Sleep/wake postsynaptic changes in VS1. (A) (Left) Frontal section of fly brain with VS neurons (branches and cell body are shown only for VS1; trunks are shown for all other VS neurons). (Right) Representative two-dimensional (2D) maximum intensity projections of 3D image stacks of VS neurons (actin-GFP driven by DB331GAL4) at low and medium resolution (left and middle scale bars, 10 μm) and high resolution (right scale bar, 1μm). Red dot indicates the beginning of the scored branch. Red asterisk is above the region shown in the right panel. s, stubby; m, mushroom. (B) Mean sleep duration in females used for imaging after W, SD, or S. (C) Examples of model neurons [reconstructed using NeuroStudio (36)] from S, SD, and W flies. Model shows dendritic processes as blue cylinders connecting user-defined locations on the branch (large spheres) and spines (smaller spheres). (D) Mean number of total and stubby spines, branch length, and branch points (N = 10 flies per group). (E and F) Examples of reconstructed neurons from flies awake for 12 hours in single tubes (W, N = 10) or in the fly mall (Wm, N = 12). (G and H) Examples of reconstructed neurons from flies allowed to sleep (S postWm, N = 12) or sleep deprived (SD postWm, N = 11) after 12 hours in the fly mall. [Wm = 12, same flies as in (F)]. (I) Sleep time for the 24 hours after 12 hours in the fly mall (postWm, N = 76). Control flies (postW, N = 75) spent the same 12 hours awake in single tubes. (J and K) Examples of reconstructed neurons from flies housed for 12 hours during the light period in the fly mall and then sleep deprived for 12 hours at night. Flies were then collected immediately (SD12, N = 9), sleep deprived for 6 hours (SD18, N = 7), or allowed to sleep for 6 hours (SD12 + S6, N = 10). All panels show mean ± SEM.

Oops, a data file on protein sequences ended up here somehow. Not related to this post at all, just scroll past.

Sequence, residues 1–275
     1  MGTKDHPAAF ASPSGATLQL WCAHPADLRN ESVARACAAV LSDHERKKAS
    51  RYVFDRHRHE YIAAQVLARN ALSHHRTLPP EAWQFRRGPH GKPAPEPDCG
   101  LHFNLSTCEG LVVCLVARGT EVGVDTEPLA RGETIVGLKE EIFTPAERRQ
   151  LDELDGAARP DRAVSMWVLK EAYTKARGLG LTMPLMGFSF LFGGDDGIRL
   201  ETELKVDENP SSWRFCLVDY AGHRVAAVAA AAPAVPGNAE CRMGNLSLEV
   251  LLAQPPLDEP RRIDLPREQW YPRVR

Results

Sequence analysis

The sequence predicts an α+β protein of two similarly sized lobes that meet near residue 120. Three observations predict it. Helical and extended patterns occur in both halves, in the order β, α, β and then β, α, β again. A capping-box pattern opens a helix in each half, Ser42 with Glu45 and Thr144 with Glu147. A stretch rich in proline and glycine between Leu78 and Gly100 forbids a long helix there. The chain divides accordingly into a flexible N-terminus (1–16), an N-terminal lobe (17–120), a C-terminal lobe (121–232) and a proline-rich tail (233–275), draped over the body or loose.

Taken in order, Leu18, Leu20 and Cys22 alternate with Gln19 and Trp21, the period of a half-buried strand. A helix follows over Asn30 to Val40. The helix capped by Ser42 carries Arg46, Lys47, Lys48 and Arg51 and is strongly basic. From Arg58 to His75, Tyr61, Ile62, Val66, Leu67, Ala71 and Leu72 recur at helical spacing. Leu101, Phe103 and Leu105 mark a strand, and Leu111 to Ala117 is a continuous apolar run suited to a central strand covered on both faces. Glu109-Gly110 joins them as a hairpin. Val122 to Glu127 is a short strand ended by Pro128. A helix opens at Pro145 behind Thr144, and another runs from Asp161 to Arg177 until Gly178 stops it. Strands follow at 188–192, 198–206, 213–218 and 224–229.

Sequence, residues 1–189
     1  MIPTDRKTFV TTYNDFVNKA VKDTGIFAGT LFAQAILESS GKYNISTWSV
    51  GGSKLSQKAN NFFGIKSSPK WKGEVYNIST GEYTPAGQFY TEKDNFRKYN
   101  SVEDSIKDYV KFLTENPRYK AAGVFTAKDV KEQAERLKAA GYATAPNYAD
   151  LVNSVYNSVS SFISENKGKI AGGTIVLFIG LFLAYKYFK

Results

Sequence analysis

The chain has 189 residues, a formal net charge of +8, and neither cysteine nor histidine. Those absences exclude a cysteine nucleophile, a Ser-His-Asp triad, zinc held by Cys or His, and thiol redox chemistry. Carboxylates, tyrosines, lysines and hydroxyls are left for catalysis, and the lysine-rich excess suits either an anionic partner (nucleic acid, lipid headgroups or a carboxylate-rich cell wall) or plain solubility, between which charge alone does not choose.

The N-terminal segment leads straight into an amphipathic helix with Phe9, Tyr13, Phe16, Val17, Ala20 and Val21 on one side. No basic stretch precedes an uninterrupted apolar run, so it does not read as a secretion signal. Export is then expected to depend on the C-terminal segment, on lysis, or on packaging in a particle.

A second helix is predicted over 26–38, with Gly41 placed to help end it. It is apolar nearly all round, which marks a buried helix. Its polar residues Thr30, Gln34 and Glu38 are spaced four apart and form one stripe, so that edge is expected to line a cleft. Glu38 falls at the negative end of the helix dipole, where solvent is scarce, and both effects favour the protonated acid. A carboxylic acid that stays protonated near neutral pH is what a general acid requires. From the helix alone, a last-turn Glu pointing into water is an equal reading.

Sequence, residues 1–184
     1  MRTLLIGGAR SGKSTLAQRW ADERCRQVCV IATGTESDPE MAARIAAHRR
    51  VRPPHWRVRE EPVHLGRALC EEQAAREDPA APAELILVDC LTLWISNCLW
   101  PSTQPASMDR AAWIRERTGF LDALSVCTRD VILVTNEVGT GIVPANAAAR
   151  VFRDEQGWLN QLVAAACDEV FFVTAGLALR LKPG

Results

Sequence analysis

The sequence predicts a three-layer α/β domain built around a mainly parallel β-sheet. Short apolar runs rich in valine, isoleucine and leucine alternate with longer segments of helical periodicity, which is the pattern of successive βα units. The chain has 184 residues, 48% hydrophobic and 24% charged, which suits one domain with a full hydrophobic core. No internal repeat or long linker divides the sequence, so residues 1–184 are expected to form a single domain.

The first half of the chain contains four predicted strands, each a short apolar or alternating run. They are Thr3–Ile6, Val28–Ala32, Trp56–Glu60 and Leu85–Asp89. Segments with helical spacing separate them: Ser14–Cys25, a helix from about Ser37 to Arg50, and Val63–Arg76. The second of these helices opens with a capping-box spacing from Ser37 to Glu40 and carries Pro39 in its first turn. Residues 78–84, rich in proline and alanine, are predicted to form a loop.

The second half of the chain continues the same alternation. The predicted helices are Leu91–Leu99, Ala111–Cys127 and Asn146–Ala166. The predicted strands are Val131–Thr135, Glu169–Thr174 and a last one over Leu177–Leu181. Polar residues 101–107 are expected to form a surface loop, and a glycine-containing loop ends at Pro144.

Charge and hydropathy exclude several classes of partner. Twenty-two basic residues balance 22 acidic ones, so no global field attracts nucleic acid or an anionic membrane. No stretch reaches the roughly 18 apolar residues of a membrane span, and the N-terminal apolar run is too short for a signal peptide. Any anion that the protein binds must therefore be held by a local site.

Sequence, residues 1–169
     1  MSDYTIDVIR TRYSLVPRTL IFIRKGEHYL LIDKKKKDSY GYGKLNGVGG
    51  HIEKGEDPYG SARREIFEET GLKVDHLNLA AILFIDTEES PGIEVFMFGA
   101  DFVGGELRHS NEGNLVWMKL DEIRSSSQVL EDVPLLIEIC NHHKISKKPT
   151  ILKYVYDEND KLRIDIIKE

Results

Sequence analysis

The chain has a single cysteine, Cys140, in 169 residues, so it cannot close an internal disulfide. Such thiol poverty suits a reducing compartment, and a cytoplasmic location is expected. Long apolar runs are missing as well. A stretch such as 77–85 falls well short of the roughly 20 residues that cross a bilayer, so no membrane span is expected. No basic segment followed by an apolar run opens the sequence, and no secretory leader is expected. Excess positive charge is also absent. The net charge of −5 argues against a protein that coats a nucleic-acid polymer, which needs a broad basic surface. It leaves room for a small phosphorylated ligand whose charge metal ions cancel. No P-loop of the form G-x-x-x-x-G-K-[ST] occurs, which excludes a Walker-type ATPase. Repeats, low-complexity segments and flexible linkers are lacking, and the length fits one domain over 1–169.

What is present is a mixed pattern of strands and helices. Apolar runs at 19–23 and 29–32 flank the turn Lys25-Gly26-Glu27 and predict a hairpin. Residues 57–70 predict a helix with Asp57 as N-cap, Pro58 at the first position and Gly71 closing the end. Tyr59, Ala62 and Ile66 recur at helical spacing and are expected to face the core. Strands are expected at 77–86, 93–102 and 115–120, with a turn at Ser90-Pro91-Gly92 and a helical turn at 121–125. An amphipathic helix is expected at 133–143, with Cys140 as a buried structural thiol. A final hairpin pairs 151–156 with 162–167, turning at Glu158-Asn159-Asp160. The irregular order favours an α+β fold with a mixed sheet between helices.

To test whether a rich wake experience that engages the VS circuit is sufficient to affect VS1 synaptic morphology, we housed up to 100 flies inside a large lighted chamber (“fly mall”) for an entire light period (12 hours). In the mall, flies could fly ad libitum, explore, and interact with each other. Flies were collected immediately after the mall experience and compared with flies that, as usual, had remained awake during the day in single tubes. The enriched experience in the mall had profound morphological effects on the VS1 dendritic tree: Total branch length increased because of the addition of more branches with spines (mainly stubby), resulting in an overall increase in spine number (Fig. 3, E and F).